How Long Should I Hold a Plank For Best Results?
Extreme planking—is it for you? Just because you can doesn’t mean you should. If you’re working on those abs and you’re using planks to do it, you’re likely wondering just how long should I hold a plank? While it might seem like longer is always better, the answer might surprise you!
What is a Plank?
You’ve probably seen the word ”plank” everywhere, and chances are good that you’ve seen people doing planks all over the place. Maybe you’ve wondered what they’re doing and why. It turns out that the plank abdominal exercise is a great way to work on strengthening your core muscles and even improve your fitness overall.
Planks are what’s known as an isometric exercise: where you hold a position against a force or gravity. It takes many muscles in your core as well as strong shoulders, back, and glutes to maintain this position. A plank is especially effective at working all the little muscle groups that act as a corset around your middle.
How to Do a Plank?
How do you do a plank? Start by kneeling on the ground with your hands, palms down, on the ground, lined up under your shoulders. Kick your legs back behind you until they’re straight and you’re balanced up on your toes. Next, lower your upper body down onto your forearms. Keep your body in a straight line (no butts in the air). Tighten your core and hold this pose. You are now doing a plank.
How Does a Plank Work to Strengthen Your Core?
If you want to work on your core, you might be tempted to focus on exercises like sit-ups and crunches. But, it might be better if you avoid those altogether and go straight for the plank exercises.
While sit-ups and crunches mostly focus on abdominal muscles in the front of your body as well as the hip flexors, a plank works to strengthen your core overall. A plank, sometimes called a “prone bridge,” is thought to be a better mechanism to strengthen not only the core but also the entire anterior chain (back, glutes, hamstrings). A proper plank hold also relies heavily on the obliques and stabilizing muscles in your core. In addition, planks are a good way to train your rectus abdominis, the six-pack muscles, too. (And everyone wants those to be prominent, right?) This, in conjunction with all the other muscles engaged in the plank hold, can help athletes improve performance and power moves as well as assist with everyday functionality and stability.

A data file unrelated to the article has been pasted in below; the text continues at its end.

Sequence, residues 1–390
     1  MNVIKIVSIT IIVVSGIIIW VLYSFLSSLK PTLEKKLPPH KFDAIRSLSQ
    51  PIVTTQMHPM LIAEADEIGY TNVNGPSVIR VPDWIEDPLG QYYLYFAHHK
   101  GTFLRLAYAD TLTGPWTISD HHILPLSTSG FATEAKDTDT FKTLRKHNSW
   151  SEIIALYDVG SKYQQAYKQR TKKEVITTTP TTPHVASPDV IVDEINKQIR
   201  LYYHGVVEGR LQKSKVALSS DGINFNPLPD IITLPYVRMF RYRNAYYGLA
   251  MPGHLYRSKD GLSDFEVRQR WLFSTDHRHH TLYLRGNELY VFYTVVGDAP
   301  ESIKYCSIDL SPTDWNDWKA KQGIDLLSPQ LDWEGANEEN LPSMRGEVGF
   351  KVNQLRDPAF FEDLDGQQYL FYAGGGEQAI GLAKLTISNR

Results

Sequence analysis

So, How Long Should I Hold a Plank?
There’s no doubt that holding a plank is hard! You might think it’s easy at first glance until those first five seconds pass. Then, you’ll soon understand the challenge. But, how long should you really hold a plank? There are varying schools of thought when it comes to how long you should hold a plank. As usual, the answer can be a resounding, “It depends!” And it turns out how long you should hold a plank may depend on your goals.
For instance, is your goal to set a world record for plank holding? That’s great! What you need to do to get there is to set up progressive plank training. Several times a week, practice planking and aim to hold for a little longer than you did the time before. Eventually, you can work your way up to some crazy long plank holds like some of the world-record holders who boast four- and even five-hour plank holds.
On the other hand, maybe your goal is just to strengthen your body, specifically your core. If this is the case, how long should you hold a plank? According to long-time strength coach Dan John, holding a plank longer than a two-minute interval is pretty useless. And while he says that you “should” be able to hold a plank for two minutes if you’re relatively fit, not obese, and in good health, it’s not beneficial to go any longer than that. In fact, even the two-minute marker may not be necessary.
Stuart McGill, Ph.D., a professor of spine biomechanics at the University of Waterloo in Ontario, recently published an article in the Journal of Strength and Conditioning Research saying that holding a plank for long intervals is not only unnecessary, but it could be borderline harmful. Instead, he postulates that doing shorter planks more times a day is a much better way to improve your core strength and stability.
What’s the better way? McGill says instead of the marathon plank-holding sessions, do repeated 10-second holds. This is especially true if you suffer from any type of back pain. Holding excessively long plank positions can exacerbate that back pain and, believe it or not, even cause injury.
So, while you might be in a hurry to show off that chiseled midsection and you think longer plank holds are the key, don’t do it! Stick with many short bursts of effort, consistently over time, and watch your strength soar.
And don’t forget…
At the end of the day, whether you hold a plank for 1 minute or 30 minutes, that beautifully strong core you’ve worked so hard to achieve will not be revealed until you manage your diet and caloric intake properly.
So, to be effective, planks needn’t be longer than ten seconds, provided you do multiple sets. Unless, of course, you’re into setting records, then plank away!